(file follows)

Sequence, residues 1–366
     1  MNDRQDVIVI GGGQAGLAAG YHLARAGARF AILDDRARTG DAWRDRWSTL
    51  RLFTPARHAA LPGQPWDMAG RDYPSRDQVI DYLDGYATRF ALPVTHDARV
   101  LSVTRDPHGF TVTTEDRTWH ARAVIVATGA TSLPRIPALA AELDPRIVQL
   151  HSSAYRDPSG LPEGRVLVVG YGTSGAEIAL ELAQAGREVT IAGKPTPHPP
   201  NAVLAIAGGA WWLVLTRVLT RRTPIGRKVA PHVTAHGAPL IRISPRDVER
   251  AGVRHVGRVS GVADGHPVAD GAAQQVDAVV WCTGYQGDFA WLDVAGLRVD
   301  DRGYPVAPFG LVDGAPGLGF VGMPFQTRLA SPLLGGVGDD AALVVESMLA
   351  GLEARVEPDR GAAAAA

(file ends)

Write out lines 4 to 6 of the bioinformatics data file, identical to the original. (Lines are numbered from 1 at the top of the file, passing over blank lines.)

   101  LSVTRDPHGF TVTTEDRTWH ARAVIVATGA TSLPRIPALA AELDPRIVQL
   151  HSSAYRDPSG LPEGRVLVVG YGTSGAEIAL ELAQAGREVT IAGKPTPHPP
   201  NAVLAIAGGA WWLVLTRVLT RRTPIGRKVA PHVTAHGAPL IRISPRDVER